Director: Cédric Kahn
Starring: Stefano Cassetti .France/Italy/Switzerland. 2h 4m
Based on: Je te tue. Histoire vraie de Roberto Succo assassin sans raison
by Pascale Froment.
What exactly is a criminal? Someone who goes above and beyond to get what he wants with little regard to anyone else or the law, or a totally feckless loser who just stumbles from mess to another? Cedric Kahn manages to paint a detailed picture of a man who crosses both of these descriptions and still manages to be both comical and highly dangerous in his escapades.
In this brilliant, slightly polished adaptation of real events, a bizarre criminal anti hero is etched out as Cassetti masquerades as Roberto Succo, a mixture of Jesse James, Hitler and Norman Bates, he argues about art, nationality and politics along the way. Mr Succo, esconded form prison five years after being convicted for the murder of his parents in 1981. His death defying run of fun saw him elude police in three different countries for 2 years, spending his time woeing girls, sightseeing, killing, raping, burgling and fucking up the odd bank job. The movie is generally detested by the French police for its alleged glamorisation of a real-life killer, but it’s a testament to the accuracies within the film and highlights how useless they were to allow him to carry on for so long. Continue reading Roberto Succo (2001)
Director: David Mackenzie
Starring: Jack O’Connell, Ben Mendelsohn, Rupert Friend .UK. 1h 43m
There is something very bold and solid about starred up the acting is on point the choreography of the violence is brilliant a dynamic but the special jenesequa is just how realistic the film is but this is probably due to the whole project being a brilliant screenplay written by a former corrections psychologist.
Brutal and Brilliant
Starred up beings as a story of a young man Eric Love (O’Connell) forcing his way up through the grimy underside of the prison world but this youngster is displaying way too much cunning and wit about him, he’s more than dangerous, he’s potentially deadly, hence why he’s starred up. Despite a lot of the rumours being Starred up has nothing to do with bumming or other sexual acts, it’s simply a teenager who is so out of control that they get set among adults to receive some “proper prison schooling”. Continue reading Starred Up (2013)
Director : Andrea Arnold
Starring: Kate Dickie, Tony Curran, Martin Compston, Natalie Press . Scotland/UK/Denmark. 1h 53m.
There is a dynamic between a voyeur and the object of his or her desire, I’m in this chilling Scottish drama it’s quite easy to forget who is voyeur and who is the object. the film opens with Jackie (Dickie) who is a closed circuit television operator in Glasgow, she sits in front of a wall of screens watching some of the most impoverished areas of the city emphasising with the more quirky characters as they go about their daily lives, a cleaner silently dancing and then office blocks was she works, a shop owner taking his aged bulldog for a walk every evening come to a smile out of Jackie at her job at city icontrol division E. but all too often she catch his suspicious activities and has to report criminals to the proper authorities while scanning the worst neighbourhoods for signs of trouble and aiding victims. Continue reading Red Road (2007)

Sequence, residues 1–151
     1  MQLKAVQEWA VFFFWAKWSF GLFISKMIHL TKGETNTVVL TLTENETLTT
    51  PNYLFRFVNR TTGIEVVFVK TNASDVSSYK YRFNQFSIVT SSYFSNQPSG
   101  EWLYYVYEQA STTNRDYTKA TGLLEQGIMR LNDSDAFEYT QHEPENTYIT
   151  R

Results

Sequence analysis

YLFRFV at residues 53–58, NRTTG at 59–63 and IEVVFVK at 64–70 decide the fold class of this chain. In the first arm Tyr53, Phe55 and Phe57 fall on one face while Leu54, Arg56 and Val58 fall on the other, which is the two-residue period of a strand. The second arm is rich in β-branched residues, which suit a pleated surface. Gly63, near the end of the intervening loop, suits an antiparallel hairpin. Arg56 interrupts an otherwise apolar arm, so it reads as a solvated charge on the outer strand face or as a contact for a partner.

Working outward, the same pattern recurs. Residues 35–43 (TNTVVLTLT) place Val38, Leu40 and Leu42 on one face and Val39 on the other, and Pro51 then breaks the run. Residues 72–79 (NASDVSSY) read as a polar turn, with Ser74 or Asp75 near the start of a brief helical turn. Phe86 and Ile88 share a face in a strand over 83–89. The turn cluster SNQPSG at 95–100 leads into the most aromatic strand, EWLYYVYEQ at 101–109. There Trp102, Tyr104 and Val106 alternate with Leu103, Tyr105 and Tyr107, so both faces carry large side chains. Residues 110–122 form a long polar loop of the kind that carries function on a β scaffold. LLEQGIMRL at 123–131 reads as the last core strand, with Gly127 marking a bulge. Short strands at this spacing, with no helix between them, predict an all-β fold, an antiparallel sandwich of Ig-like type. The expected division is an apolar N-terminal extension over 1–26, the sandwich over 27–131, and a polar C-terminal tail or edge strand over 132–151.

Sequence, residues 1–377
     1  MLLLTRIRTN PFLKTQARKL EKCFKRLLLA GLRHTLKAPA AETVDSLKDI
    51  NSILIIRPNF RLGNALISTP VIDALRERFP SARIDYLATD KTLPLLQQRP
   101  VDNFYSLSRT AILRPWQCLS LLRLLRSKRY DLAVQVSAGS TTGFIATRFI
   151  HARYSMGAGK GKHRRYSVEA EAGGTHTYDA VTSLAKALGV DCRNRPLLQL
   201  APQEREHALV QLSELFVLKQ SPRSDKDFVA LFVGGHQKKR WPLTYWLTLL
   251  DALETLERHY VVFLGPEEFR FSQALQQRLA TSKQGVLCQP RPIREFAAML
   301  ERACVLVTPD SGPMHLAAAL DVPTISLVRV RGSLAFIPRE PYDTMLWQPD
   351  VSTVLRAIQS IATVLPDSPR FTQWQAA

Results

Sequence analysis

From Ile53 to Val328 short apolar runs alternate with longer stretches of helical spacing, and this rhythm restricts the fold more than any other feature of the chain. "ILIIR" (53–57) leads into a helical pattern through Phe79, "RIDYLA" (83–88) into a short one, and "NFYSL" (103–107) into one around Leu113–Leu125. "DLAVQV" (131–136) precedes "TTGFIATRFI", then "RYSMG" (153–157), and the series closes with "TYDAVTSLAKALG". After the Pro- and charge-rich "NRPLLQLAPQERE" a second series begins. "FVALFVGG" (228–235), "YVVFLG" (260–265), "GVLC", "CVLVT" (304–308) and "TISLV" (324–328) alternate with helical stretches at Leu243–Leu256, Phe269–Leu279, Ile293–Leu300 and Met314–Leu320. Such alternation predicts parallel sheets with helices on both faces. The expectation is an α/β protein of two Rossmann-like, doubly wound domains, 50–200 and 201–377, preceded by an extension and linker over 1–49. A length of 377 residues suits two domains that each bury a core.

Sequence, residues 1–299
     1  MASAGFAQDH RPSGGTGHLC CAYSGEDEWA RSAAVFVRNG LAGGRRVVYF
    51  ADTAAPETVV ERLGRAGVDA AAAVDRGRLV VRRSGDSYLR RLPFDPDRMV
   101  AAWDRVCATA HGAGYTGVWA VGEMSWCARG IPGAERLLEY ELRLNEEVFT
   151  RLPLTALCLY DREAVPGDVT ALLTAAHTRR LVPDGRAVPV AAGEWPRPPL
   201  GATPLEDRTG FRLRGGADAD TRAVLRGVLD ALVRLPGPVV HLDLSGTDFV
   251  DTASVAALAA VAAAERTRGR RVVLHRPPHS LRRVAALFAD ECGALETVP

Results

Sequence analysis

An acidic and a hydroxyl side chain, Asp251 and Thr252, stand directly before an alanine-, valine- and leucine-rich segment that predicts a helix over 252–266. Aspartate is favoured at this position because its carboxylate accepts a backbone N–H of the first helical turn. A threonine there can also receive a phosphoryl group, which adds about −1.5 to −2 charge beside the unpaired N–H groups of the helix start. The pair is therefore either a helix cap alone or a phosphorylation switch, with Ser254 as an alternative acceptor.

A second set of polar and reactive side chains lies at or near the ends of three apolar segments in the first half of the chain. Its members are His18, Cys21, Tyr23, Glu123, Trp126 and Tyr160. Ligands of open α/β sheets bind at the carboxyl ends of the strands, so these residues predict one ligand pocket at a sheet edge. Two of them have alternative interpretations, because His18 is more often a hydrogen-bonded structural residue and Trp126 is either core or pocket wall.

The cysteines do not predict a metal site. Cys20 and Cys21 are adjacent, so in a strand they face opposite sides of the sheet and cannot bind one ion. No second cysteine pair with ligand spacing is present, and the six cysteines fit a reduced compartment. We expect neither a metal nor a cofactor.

Director: John R. Hand
Starring: Arnold Odo, Fernando Cano, Bri Bynon. . USA . 1h 25m
A majority of serial killer movies are based on a few well known names, which can get repetitive as directors try their socks off to make an impressive, accurate and daring movie. Sadly most of them are total rubbish, missing the point,going off key missing out important details and even fabricating events.
But in all honesty films about serial killers will never really be what the die hard enthusiasts are looking for because those insensitive details are not cinema friendly. Most of the time the killers have been executed and promoting their ideals and theologies just don’t make the cut, but in the case of Joel Rifkin (Odo), the New York Ripper, there’s so much more opportunity to make a really in depth study about the incarcerated killer and it was totally missed here. Joel is still with us and has executed some really detailed and personal interviews where he expresses more about himself and the murders he committed than his movie does. Continue reading Joel (2018)
Director: Bong Joon-ho
Starring: Kim Hye-ja, Won Bin, Jin GooSouth Korea. 2h 8m
This very daring South Korean movie is both alarming and fascinating, with what seems like an extremely simple premise, a young man; with marginal intelligence is accused of murdering a local girl. it’s an open and shut case, as an item with his name is found near the body and an eye witness places him at the scene of the crime. But his ever doting mother turns into a dynamic Miss Marple and tries to unravel the case and prove her some innocence. So here we have it he’s either innocent or guilty, sure either prove his Innocence or find evidence to prove his guilt, it can’t be any simpler than that?
If this film was made for the American audience, this would indeed be the narrative, and any deviation would result in an uproar, the audiences would be frenzied, but this is a South Korean movie and a film by Bong Joon-ho the creative genius behind Host (2006) and unusual creature feature about a toxic waste squid like beast that managed to terrorize a small community; dragging one young victim away causing her family members to tackle it for her return as the authorities would not help or listen to them. In a similar stance, Mother shows that blood ties are strong and the state cannot be trusted to get the job done. Continue reading 마더; RR: Madeo / Mother (2009)